I was a pretty weird kid. I didn’t really play with the other kids much, opting to spend time by myself and to read books instead. Because I was also very small, this led to me getting bullied a lot in school. I was lucky, though, because I grew about 6 inches and 60 pounds when I was 15, after which the bullies mostly went looking for smaller and easier targets and left me to develop some rudimentary social skills.
That’s why, as a kid, I was always furious when some well-meaning grownup waxed lyrical about the joys of childhood. “Yeah, maybe you had a really easy first couple of decades,” I thought, “But for some of us, this is life and death every day. Some of us honestly don’t think we’re going to get out of this.”
This is not an uncommon story, I don’t think. Most of us on here have probably been through some unpleasant stuff as children. It feels like it’s going to crush or throttle or otherwise destroy us utterly or at least disfigure us beyond recognition. Then we get older, gain a greater perspective, and realize how trivial some of our previous concerns were and how valid others were. We’ve got more experiences to compare against each other, which means there’s a greater range of feelings we can draw on to understand how we feel.
But that’s not always enough. Sometimes we run into stuff that’s too different or too scary or too damn big to dispassionately compare to our previous lives and classify. It doesn’t matter how old we get or what other things we’ve been through: there’s always something—big or small—that can grab you by the nape of the neck, shake you around, and drop you sprawling in the dirt and wondering what the hell just happened.
As Fiorentina walks into the Stadio Friuli, there’s no way to tell how the players are going to cope. It’s been nearly a month since Davide Astori was found dead in his hotel room in Udine, and now these people have to go back there and play a game. Yes, they’re well-compensated professionals and yes, there are other tragedies in the world (shut the hell up, Dani Alves). But these young men (I realize that I’m older than nearly everyone on the roster) are dealing with a set of emotions for which neither they nor anybody they know has a point of reference.
Some of the boys may not sleep the night before, or they may not eat, or they may just have the jitters or the yips. Maybe they’ll go out and feel a sense of camaraderie and give their entire selves for their teammates and run Udinese off the pitch. Maybe they’ll disintegrate and lose 10-0. Maybe it’ll be an ugly, scrappy match. Maybe it’ll be an all-timer.
Whatever happens, though, is trivial. These players are the ones we support and pin our hopes on and yell ourselves hoarse at. We elevate them to a nearly mythical status because they can do nearly mythical things, whether that’s Federico Chiesa bursting past another clutch of defenders or Jordan Veretout knowing exactly where he is, where his teammates are, and where the ball needs to go 5 seconds before it reaches him. But for all that hero-worship, let’s break the first rule of fandom this time and support these flawed and talented men just because they’re having to do something strange and sad and uncomfortable, not because of the shirts they’re wearing.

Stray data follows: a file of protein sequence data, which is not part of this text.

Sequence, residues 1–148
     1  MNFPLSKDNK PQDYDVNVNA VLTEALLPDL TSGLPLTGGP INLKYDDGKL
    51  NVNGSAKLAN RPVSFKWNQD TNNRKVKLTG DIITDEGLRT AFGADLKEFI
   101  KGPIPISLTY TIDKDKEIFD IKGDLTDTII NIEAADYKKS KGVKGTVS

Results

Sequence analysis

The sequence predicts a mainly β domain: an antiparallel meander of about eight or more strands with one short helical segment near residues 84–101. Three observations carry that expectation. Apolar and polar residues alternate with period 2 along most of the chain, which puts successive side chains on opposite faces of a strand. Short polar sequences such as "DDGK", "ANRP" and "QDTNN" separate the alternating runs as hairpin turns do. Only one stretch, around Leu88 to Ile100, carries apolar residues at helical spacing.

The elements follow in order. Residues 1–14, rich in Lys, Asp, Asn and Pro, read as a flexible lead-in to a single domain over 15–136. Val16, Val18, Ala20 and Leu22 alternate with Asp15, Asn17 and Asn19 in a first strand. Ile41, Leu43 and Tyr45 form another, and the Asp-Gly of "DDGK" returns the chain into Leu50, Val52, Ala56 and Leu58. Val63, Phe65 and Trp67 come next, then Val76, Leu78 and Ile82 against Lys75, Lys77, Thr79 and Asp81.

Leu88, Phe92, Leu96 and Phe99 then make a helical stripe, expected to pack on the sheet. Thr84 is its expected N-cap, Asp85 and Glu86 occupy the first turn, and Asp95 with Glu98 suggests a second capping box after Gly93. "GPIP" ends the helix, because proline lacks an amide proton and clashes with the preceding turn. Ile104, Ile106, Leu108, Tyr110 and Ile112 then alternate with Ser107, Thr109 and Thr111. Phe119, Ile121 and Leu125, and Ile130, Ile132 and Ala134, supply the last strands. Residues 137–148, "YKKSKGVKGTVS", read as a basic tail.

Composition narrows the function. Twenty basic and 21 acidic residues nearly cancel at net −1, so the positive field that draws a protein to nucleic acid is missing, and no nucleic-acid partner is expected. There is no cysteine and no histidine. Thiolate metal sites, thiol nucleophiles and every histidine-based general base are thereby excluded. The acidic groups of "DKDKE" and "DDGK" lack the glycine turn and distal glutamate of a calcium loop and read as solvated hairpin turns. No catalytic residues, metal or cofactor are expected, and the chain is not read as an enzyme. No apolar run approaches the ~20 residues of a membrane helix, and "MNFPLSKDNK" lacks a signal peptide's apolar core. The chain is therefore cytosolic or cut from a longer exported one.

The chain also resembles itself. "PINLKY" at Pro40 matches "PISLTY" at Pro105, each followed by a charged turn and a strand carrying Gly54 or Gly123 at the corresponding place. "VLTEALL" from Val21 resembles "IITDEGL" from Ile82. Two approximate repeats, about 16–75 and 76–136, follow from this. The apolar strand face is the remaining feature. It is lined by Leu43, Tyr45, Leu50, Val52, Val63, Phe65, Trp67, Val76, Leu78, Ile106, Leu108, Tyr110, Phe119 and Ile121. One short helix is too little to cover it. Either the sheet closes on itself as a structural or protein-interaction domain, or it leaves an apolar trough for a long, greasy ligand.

So to hell with the result. For this one, I just want our beautiful boys to be okay.
The Fiorentina Primavera reached the final of the Viareggio Cup against Inter Milan. We were hyped.
You want good news? How about a routine 2-0 win over Crotone that was not exciting at all? Here is our entire coverage.
Emiliano Mondonico, who led Fiorentina back to Serie A, has passed away aged 71. Here is our tribute.
Don’t forget that Fiorentina play tomorrow at Udinese to make up the match that was canceled when Davide Astori died. Here is our full coverage, which currently is a preview but will contain all the usual stuff by tomorrow.
The international break gave us time to wonder what Fiorentina would look like if the squad was entirely constructed of former Primavera players. Take a look.
Gil Dias got himself a very nice goal for the Portugal U21s. Enjoy.
Catch up with the Viola players out on loan in Serie A, Serie B, and outside of Italy.
We asked yall who should captain the club in Milan Badelj’s absence, and yall gave us answers.
Comment of the week
J-Mel da Wise #1 presents a thoughtful bit of thanks to Pioli and club management, which I assume means that the end times are just around the corner.
That’s it for this week, folks. Shine your shoes. You’ll feel better afterwards.